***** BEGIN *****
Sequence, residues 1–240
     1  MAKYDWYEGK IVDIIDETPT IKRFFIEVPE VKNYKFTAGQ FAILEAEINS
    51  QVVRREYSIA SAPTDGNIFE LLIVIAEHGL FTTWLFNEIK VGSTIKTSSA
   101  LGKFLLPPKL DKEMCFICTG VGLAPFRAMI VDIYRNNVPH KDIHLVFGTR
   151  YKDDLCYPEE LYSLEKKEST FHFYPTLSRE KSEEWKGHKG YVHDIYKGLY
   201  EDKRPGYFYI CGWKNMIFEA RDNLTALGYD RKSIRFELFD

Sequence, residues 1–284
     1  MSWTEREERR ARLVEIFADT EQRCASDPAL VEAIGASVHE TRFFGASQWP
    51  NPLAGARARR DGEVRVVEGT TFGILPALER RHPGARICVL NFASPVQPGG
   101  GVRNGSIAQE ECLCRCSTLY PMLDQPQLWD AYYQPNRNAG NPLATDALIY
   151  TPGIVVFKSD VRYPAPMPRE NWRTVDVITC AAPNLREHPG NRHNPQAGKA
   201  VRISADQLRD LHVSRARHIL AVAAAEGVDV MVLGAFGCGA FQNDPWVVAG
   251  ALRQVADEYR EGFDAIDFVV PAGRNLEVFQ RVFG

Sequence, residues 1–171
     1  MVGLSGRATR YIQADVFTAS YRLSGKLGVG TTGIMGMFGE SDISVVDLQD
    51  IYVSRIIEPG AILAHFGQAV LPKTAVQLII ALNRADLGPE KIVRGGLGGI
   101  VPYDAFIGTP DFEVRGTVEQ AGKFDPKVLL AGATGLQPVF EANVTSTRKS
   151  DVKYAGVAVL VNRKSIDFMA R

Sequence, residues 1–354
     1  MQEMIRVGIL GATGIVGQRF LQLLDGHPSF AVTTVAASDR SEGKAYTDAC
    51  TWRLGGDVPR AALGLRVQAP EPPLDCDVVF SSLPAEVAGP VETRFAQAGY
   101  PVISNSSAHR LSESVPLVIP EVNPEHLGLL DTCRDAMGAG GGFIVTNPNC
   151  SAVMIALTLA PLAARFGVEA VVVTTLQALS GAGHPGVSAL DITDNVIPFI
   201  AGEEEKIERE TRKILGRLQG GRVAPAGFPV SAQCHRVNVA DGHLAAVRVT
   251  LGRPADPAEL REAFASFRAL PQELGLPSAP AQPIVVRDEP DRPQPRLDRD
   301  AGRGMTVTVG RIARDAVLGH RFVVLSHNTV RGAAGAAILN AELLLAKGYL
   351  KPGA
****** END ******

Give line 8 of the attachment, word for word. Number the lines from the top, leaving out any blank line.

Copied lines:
     1  MSWTEREERR ARLVEIFADT EQRCASDPAL VEAIGASVHE TRFFGASQWP